6. The House Bunny:

The second Anna Faris film on my list, and for good reason. She is the Feel Good Queen. Even her voice makes me feel good. Some may protest that I only love this film as much as I do because of my obsession with Hugh Hefner, and that may be true. But why wouldn’t you love Hugh Hefner? It’s full of cute little cameos and it stars Emma Stone (Easy A almost made this list), so it should have something for everyone. Instead of the Mahi-Mahi, can I get just the one Mahi, because I’m not that hungry?

5. Coyote Ugly:

YOU CAN TRY TO RESIST! TRY TO HIDE FROM MY KISS! BUT YOU KNOW, BUT YOU KNOW THAT YOU CAN’T FIGHT THE MOONLIIIIIIGHT! Continuing my theme of pretty blonde girls who must struggle to overcome something, but only this time it’s better because it has SONGS. And a hot Australian guy. It makes me want to run away to a big city and work in a bar like Coyote Ugly. I don’t care if up until this point I’ve identified as the introverted writer type, I’ll even dance on a bar like the girls in the film do. Although films where a foreign person lives in the US always drive me insane when they don’t mention how they got in. Where did you get your visa? Show me your secrets!

4. Clueless:

If you don’t like this film, then you’re a virgin who can’t drive. If Elle Woods is my career motivation, then Cher Horowitz surely is my style icon. It has Brittany Murphy and Cyrus from Gossip Girl and Paul Rudd and Turk from Scrubs! If that’s not feel good, then I don’t know what is. It just oozes with 90s goodness and it means you’ll never have to read Jane Austen’s Emma in your life.

3. Nick and Norah’s Infinite Playlist:

Probably the least cheesy movie on the list, but still midnumbing enough to tune out for a few hours. I have a lot of love for Michael Cera (both Scott Pilgrim and George Michael Bluth would be sure to appear on a list of my favourite movies and TV shows) and Kat Dennings is one of my favourite women in Hollywood, so watching them fall in luuuuurve definitely appealed to me. I also have a fondness for movies that happen all in one night, I don’t know if it’s a character development thing or realism thing, but it works so I try not to question it. It’s the quirky Indie teenager’s answer to The Notebook.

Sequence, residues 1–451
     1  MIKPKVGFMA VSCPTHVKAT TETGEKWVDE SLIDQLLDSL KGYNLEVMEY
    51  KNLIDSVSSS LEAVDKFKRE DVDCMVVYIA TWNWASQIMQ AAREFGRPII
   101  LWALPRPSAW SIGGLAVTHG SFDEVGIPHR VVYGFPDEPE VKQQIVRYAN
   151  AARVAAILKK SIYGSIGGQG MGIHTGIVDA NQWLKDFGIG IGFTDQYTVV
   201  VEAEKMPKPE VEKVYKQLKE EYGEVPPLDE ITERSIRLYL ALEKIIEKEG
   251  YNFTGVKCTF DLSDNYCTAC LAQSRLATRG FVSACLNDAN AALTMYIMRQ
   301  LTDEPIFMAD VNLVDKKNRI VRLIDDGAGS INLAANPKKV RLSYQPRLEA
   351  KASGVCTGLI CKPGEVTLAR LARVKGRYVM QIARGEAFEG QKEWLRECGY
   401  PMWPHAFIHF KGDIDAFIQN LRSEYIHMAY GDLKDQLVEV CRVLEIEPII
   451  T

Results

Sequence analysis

2. Wild Child:

I’ve always loved a good English boarding school movie, and transatlantic confusion will always have a special place in my heart thanks to the two years of my teenage life I spent on Skype everyday to Americans. Wild Child has pranks, and friendship, and love, and redemption! It’s always my go-to movie whenever I’m feeling under the weather (since number one disappeared off of Netflix at least), because I know that if I take an accidental nap in the middle of it I won’t miss too much. And even if I do manage to stay awake, it’s still entertaining on it’s seventh rewatch.

1. 10 Things I Hate About You:

The second hot Australian love interest on my list. Do I have a type? Obviously. This movie has the best soundtrack on the list… in fact, maybe it has the best soundtrack of any movie ever. And Kat Stratford has been destroying the patriarchy since 1999, ’cause she doesn’t give a damn ’bout her reputation. It’s also got the added bonus of being an adaptation of The Taming of the Shrew, which makes me feel less bad about watching it so many times. It’s cultured, right? It’s Shakespeare!


I hope this list proves to you that even if the majority of my favourite films are mundane, bleak, and gritty (Fish Tank and Kidulthood, I’m looking at you), I can still watch trash with the rest of them. It makes a change from reading the wikipedia article on List of Unusual Deaths, which I am totally not doing right now.